For a movie based on a video game you play while on the toilet, you have to somewhat temper your expectations. We all know and play the game on our phones and tablets all the time. We first played Angry Birds, then all the subsequent spin-offs: Angry Birds Seasons, Angry Birds Rio, Angry Birds Friends, Angry Birds Space, Angry Birds Star Wars, Angry Birds Star Wars II, Angry Birds Go, Angry Birds Epic, Angry Birds Transformers, Angry Birds Fight, Angry Birds 2, and Angry Birds Action. Pretty much most of our phones are cluttered with endless selfies and Angry Birds games. Rovio Entertainment has crafted an empire in the mobile market, and it’s no wonder they don’t want to expand into other mediums. On TV Angry Birds Toons and Piggy Tales TV series have been watched by our kids endlessly. It’s a no brainer that it would eventually come to film. As a result, we have The Angry Birds Movie from Sony Pictures.
The film centers on Red (Jason Sudeikis) who’s the “main bird” we all know from the games and he lives on Bird Island. Red is reclusive and wants nothing to do with anyone else on Bird Island. Red has a big problem with authority and anger management. After losing in “bird court” Red is ordered by the judge (Keegan-Michael Key) to attend anger management. In anger management we meet some of the other birds we know all well from the video game: Chuck (Josh Gad), Bomb (Danny McBride), and Terrance (Sean Penn). The anger management class is taught by Matilda (Maya Rudolph). Fans of the video game will recognize each of these characters as birds with individual moves/powers we all strategically use, and they are well adapted to the film. Chuck is super-fast, to the point that there is even a “Quicksilver” scene reminiscent of X-Men Days of Future Past in the movie where time slows down while he performs a feat in the third act. Bomb, just like in the games exploded whenever he gets excited. Terrance, like in the games is a gigantic version of Red, but in this film, he plays more like a giant monster who’s so dangerous they don’t say out loud why he’s in anger management. You’d be surprised to know it was Sean Penn as Terrance doesn’t speak much.
Fans of the video game also know about the “Bad Piggies” who show up during the film as wolves in sheep’s clothing. The main pig is Leonard (Bill Hader) and at first, show up in search of friendship, coming from their own island (“Piggy Island”). Of course, Red is the one bird not smitten by the pigs, in essence because he’s the “angry one” he can see past the BS, but of course, he is ridiculed until he’s proven right. While he’s trying to get to the bottom of the piggy problem, he, Chuck and Bomb seek out the “Mighty Eagle” (Peter Dinklage), the reverend protector of Bird Island, who does steal the show when you see the “real” him. Fans of the video game know what the Piggies are really after, so no need to go into detail here, but it ultimately leads to a rescue attempt by all the birds led by Red.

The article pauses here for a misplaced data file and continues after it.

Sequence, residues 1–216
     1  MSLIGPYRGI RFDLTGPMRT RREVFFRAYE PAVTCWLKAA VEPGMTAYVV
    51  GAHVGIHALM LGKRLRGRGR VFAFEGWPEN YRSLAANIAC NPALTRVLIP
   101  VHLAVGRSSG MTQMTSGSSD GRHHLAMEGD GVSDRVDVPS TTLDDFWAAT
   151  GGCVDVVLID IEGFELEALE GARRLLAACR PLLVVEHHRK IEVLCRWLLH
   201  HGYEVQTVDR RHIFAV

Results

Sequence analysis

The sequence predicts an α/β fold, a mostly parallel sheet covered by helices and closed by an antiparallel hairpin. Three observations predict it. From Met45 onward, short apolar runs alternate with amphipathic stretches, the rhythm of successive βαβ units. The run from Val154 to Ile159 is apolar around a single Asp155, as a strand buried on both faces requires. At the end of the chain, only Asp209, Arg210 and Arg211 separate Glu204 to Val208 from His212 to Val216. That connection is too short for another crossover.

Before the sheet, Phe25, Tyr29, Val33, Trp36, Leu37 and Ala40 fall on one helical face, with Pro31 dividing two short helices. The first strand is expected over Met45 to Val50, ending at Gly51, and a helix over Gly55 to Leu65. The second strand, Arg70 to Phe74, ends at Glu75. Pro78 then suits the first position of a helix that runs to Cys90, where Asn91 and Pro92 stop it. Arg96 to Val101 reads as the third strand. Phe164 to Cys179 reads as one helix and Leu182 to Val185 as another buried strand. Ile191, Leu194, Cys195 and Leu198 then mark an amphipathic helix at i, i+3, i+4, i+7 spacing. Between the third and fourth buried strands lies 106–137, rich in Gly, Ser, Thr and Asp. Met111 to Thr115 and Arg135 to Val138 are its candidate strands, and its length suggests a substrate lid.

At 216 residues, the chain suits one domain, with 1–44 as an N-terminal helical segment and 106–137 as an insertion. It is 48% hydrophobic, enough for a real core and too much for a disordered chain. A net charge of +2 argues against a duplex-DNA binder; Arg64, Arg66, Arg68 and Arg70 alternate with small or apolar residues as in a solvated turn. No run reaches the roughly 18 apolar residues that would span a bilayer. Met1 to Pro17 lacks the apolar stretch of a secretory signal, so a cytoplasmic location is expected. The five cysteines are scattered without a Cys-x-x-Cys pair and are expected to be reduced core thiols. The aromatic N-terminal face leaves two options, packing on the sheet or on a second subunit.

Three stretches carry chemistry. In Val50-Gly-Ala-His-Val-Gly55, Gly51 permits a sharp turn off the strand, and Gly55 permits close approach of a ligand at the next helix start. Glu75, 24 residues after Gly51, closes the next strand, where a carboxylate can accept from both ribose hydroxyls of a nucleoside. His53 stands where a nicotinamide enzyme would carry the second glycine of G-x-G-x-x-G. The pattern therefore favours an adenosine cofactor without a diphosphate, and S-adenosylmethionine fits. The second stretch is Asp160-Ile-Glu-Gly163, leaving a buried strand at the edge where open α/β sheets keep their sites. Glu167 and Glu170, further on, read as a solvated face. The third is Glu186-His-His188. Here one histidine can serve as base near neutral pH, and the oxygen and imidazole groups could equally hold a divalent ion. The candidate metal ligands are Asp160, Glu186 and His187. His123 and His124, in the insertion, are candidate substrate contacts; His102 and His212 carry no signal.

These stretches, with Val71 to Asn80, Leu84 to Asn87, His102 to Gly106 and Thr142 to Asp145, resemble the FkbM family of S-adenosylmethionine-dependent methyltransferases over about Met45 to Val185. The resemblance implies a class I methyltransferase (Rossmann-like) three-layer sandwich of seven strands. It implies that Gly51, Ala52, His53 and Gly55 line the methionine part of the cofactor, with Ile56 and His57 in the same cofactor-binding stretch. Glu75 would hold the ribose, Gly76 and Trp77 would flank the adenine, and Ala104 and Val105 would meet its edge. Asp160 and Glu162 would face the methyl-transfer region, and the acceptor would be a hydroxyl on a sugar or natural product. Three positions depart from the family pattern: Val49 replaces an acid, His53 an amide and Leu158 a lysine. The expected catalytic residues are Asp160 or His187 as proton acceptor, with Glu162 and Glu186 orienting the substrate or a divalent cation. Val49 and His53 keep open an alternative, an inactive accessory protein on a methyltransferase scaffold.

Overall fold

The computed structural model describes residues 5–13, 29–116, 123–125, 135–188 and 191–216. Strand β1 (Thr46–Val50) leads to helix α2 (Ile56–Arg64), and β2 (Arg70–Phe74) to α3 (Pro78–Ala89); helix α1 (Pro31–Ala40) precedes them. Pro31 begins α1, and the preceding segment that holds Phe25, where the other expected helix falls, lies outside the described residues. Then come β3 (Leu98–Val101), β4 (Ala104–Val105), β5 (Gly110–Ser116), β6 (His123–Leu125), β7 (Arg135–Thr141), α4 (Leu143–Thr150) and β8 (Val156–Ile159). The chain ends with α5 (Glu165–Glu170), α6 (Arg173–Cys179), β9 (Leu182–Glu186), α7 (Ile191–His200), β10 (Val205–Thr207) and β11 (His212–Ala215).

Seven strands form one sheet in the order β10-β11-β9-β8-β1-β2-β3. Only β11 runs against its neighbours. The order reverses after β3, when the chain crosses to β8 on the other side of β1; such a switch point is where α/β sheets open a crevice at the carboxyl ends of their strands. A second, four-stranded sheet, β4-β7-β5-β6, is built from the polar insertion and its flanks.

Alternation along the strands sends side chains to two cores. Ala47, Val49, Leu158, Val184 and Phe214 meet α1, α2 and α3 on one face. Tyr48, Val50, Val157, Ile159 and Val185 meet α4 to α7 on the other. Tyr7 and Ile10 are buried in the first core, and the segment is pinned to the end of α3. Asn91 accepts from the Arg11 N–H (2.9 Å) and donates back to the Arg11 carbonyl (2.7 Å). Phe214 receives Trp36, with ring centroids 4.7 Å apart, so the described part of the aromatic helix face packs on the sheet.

Since the piggies did leave a slingshot as a gift, we get to actually see some “Angry Birds” action as they are slung across the sky into buildings. Each of the separate birds displays their powers/abilities as they attempt to save the day.
The movie itself does have some great moments. Fans of the game won’t help but crack a smile when they see them being thrown by the slingshot into buildings. As like with most cartoons, the “Disneyfication” is in the film as well. There are some jokes with slight adult humor, such as a reference to a bird with too many eggs needing “bird control.” The reveal of the Mighty Eagle was refreshing as well, as we know how mighty he is in the game in comparison to the game. The cinematography and the graphics in the film are top-notch and probably would be a delight in 3D. While most of the plot is made up for the film, it does capture the spirit of the characters from the game (if such a thing can happen) and is ultimately a better video game adaptation than most films. It’s also a surprise how many well know actors make an appearance in this film as well including Blake Shelton, Tony Hale, Tituss Burgess, Hannibal Buress, and many others.
But ultimately the film is made strictly for 3-5-year-olds and often the jokes don’t land. This was a film that’s coming out probably 3 years later than it should have. The plot is rather simple, but then again it’s based on a game where your goal is to throw birds and kill pigs. Check your brain at the door and you just might have a good time.
Rating: 2.5 out of 5